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Thoughts on weighing observations

Suppose you have a set of observations (measurements) and want to assess how well they fall into an ideal target range. Here are a few thoughts on how to go beyond the most obvious measure: percentage of “in-range values”.

Suppose our observations lie in <$ (X, \rho) $>, a metric space, and our target range is a subset <$ S \subset X $> closed in <$ X. $> For each observation <$ x \in X $> we want to calculate its weight <$ \omega(x) \in \lbrack 0, 1 \rbrack. $> The total weight of a set of observation will then naturally be

<$$ \omega(\Xi) := \frac{1}{|\Xi|} \sum_{x \in \Xi} \omega(x), \quad \Xi \subset X. $$>

Properties of <$ \omega $> weights

Feel free to skip to examples of specific weighting functions if you are not interested in an abstract discussion of their possible properties.

Note on notation. For <$ x \in X, A \subset X $> let <$ \rho(x, A) := \inf \{ \rho(x, y): y \in A \} $> be the distance of <$ x $> from the set <$ A. $> Let <$ \overline{A} $> denote the closure of <$ A \subset X $> in <$ X, $> let <$ \mathrm{int}\; A $> denote the interior of <$ A $> and let <$ \partial A := \overline{A} \setminus \mathrm{int}\; A $> be the boundary of <$ A. $>

Let us consider some properties we would expect this <$ \omega: X \to \lbrack 0, 1 \rbrack $> to have. First, I regard these as essential:

  1. <$ \forall s \in S: \omega(s) = 1. $>
    All observations within the target range have maximum weight.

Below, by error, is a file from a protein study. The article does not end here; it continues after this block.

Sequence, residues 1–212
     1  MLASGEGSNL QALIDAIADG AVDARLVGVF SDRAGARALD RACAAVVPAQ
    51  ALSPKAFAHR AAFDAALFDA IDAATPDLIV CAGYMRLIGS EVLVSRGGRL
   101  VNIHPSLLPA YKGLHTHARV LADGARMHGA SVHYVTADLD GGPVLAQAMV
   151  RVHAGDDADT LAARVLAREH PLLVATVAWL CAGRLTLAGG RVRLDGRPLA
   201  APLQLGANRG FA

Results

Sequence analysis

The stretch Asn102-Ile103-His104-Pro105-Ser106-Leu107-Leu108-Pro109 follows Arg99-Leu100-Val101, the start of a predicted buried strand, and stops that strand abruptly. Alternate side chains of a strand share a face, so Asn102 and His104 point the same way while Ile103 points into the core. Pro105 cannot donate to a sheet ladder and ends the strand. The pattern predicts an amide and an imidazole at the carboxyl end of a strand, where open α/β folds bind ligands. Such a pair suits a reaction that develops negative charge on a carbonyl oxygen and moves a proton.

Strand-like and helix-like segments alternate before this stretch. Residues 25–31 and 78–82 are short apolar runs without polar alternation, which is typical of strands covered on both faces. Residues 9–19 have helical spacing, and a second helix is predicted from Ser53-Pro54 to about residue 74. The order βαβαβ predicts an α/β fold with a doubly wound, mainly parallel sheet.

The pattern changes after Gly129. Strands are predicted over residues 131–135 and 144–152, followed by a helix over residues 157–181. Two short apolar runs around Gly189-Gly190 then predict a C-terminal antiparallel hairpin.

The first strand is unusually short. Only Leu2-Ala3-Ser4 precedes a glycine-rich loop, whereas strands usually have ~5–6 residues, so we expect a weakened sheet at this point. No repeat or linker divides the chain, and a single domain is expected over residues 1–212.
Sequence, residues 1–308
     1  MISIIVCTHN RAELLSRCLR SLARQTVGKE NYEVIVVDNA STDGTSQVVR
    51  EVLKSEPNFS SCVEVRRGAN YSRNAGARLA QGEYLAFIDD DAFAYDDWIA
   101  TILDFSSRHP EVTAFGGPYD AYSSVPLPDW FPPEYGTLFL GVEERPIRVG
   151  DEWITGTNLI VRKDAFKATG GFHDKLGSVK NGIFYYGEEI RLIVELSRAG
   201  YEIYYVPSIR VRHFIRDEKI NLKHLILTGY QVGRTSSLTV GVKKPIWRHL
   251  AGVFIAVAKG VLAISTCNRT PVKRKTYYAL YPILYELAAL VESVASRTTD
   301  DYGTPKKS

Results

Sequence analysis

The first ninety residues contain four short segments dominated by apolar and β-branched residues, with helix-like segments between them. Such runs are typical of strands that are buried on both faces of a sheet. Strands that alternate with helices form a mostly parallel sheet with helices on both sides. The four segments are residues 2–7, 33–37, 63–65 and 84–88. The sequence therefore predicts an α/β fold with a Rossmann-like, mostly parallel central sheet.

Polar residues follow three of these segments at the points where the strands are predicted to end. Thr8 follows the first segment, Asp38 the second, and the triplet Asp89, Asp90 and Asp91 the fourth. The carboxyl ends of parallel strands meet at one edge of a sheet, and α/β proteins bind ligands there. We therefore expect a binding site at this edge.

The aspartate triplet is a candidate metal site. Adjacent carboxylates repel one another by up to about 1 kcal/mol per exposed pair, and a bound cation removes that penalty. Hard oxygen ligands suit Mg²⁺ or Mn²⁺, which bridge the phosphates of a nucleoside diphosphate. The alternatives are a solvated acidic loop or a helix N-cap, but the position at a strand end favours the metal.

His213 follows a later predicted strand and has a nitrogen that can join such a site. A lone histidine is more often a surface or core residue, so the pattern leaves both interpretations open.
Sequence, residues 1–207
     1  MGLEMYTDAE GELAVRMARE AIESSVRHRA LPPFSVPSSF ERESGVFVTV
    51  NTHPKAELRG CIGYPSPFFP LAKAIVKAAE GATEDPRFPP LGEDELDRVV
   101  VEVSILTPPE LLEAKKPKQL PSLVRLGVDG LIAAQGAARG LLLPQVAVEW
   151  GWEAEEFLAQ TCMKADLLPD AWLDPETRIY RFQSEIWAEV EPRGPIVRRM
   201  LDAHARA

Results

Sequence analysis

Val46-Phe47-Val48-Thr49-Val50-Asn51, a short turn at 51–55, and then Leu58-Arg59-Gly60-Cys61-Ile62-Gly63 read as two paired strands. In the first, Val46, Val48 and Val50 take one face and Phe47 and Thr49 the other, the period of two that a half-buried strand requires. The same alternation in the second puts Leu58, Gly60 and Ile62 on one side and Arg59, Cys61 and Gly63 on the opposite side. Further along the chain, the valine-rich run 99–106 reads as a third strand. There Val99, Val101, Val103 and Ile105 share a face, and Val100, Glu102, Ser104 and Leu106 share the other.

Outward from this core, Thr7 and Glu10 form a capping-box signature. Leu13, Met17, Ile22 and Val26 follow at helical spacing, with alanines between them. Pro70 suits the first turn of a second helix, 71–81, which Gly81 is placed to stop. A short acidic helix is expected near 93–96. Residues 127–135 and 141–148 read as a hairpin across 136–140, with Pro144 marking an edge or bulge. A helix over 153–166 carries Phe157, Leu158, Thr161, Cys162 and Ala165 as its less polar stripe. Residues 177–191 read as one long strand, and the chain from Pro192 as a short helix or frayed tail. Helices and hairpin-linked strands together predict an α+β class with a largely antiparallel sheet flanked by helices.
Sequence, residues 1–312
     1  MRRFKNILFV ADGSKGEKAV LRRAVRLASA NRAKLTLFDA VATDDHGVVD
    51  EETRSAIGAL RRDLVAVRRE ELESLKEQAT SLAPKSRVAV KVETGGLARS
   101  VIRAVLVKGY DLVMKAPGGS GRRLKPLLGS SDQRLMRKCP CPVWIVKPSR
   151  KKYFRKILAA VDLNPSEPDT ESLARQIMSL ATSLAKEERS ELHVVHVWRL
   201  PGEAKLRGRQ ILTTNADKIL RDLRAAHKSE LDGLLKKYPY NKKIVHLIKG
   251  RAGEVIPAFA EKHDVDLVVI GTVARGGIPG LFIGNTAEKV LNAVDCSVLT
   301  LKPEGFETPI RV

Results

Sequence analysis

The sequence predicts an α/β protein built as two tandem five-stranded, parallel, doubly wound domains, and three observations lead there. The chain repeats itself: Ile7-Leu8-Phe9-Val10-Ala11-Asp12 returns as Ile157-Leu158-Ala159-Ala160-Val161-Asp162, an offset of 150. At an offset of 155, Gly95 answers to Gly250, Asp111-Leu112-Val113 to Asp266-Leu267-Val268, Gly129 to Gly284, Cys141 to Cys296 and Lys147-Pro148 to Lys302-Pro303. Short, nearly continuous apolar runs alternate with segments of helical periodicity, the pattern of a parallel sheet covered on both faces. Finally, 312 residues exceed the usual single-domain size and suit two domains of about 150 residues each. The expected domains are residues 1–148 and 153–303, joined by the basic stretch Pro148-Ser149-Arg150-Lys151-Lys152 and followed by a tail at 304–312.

2. <$ \forall x, y \in X: \rho(x, S) = \rho(y, S) \Rightarrow \omega(x) = \omega(y). $>
    <$ \omega(x) $> is in fact a function of the distance of <$ x $> from <$ S. $> We could be thinking about a real function <$ \omega_{\rho}: \lbrack 0, \infty ) \to \lbrack 0, 1 \rbrack, $> <$ \rho(x, S) \mapsto \omega_{\rho}(\rho(x, S)) $> instead of the abstract <$ \omega: X \to \lbrack 0, 1 \rbrack. $>
  3. <$ \forall x, y \in X: \rho(x, S) \lt \rho(y, S) \Rightarrow \omega(x) \ge \omega(y). $>
    Observations farther from target have smaller weight.
  4. <$ \forall x \in X: \omega(x) \to 0 $> as <$ \rho(x, S) \to \infty. $>
    The weight of outliers approaches zero.

Some properties are rather desirable:

  1. <$ \omega \in C_0(X). $>
    <$ \omega $> is continuous on <$ X. $> Prevents sudden drops in weight.
  2. <$ \omega \in C_0(\partial S). $>
    Weaker form of (v). Guarantees smoothish drop-off at least around the boundary of the target. Obviously (v) <$ \Rightarrow $> (vi).
  3. <$ \omega \in C_1(X). $>
    <$ \omega $> is differentiable on <$ X. $> Guarantees smooth weight transitions. Obviously (vii) <$ \Rightarrow $> (v).
  4. <$ \omega \in C_1(\partial S). $>
    Weaker form of (vii). Guarantees smooth weight transition at least on the boundary of the target. Obviously (vii) <$ \Rightarrow $> (viii).

And finally, some properties are application dependent.

  1. <$ \forall x \in X: \omega(x) \gt 0. $>
    All weights are positive.